Singapore Symposium and Haiku

Yesterday's Singapore Symposium was an experiment and a gambit. To host speakers from the different fields of academia, the arts, and social work, with their different concerns and languages, was to take a risk. I think the bet paid off handsomely. Adeline Koh's work on digitally archiving "Chinese Englishmen" provides a necessary counterbalance to the current focus on the major Victorian authors, all white, mostly men. Listening to Jini Kim Watson, I was struck by how many countries in the world aspire to build modern cities like Singapore and so replicate its social control and public order. E. K. Tan spoke about the politics of using dialect in Singapore's Sinophone literature. I especially enjoyed his close look at xinyao (Singapore ballads) and Kuo Pao Kun's play "Mama Looking for Her Cat."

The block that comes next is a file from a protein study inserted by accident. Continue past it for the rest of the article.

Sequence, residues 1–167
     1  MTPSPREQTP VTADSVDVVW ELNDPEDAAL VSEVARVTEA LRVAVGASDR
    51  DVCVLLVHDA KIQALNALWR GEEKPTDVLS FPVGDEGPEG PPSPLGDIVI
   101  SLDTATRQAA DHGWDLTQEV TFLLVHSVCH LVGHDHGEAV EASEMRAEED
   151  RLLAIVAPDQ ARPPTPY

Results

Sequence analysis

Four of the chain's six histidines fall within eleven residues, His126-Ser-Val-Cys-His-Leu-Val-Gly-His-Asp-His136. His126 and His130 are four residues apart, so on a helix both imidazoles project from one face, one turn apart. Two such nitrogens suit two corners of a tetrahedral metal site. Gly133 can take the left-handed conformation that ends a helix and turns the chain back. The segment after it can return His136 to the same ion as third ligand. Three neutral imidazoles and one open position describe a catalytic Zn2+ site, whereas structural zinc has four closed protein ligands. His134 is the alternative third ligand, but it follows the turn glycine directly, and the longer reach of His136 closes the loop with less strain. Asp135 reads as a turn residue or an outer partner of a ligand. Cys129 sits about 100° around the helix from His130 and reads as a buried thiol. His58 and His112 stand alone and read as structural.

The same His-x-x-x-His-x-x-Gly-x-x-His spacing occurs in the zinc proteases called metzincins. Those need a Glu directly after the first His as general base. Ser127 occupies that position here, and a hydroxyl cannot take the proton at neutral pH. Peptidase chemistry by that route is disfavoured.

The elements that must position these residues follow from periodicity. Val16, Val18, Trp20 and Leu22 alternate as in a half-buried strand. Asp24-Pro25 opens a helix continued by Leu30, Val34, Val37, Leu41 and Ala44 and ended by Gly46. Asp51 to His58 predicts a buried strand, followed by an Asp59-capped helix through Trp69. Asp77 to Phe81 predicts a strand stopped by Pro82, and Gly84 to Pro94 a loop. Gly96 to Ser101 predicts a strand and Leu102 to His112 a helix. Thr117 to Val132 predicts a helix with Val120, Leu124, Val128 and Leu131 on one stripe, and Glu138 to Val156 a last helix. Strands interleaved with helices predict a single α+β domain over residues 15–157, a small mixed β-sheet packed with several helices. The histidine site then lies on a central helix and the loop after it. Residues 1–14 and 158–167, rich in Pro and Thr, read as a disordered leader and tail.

The artists came on next and spoke passionately about why they write plays, make ceramic works, and compose music. Damon Chua, Hong-Ling Wee, and Eli Tyler, you were so inspiring! So were Kavitha and Shahrin, who spoke about making dance with children with special needs.

In the evening, the writers took to the stage. I read from Steep Tea and then introduced the other authors. Amanda Lee Koe read a searing story about a woman who found herself loveless in old age. Jeremy Tiang's story about a young woman who decides to turn vegetarian rang true in its every wonderful turn of phrase. Yen Yen Woo and Colin Goh did a very Singaporean thing and gave us all a test - on their Dimsum Warriors comics and on Singlish. I failed the test but laughed very hard.

During the Q&A afterwards, someone from the audience asked about the impact of New York on our work. Colin's answer stuck with me: in New York, you don't have to be just one thing - lawyer, teacher or dentist - but you can be many things, an actor-waiter, a lawyer-writer or, in their case, teacher, lawyer, graphic novelist, illustrator, yoga studio owner, and parent.

Into the forest 
of video equipment
grey-green eyes


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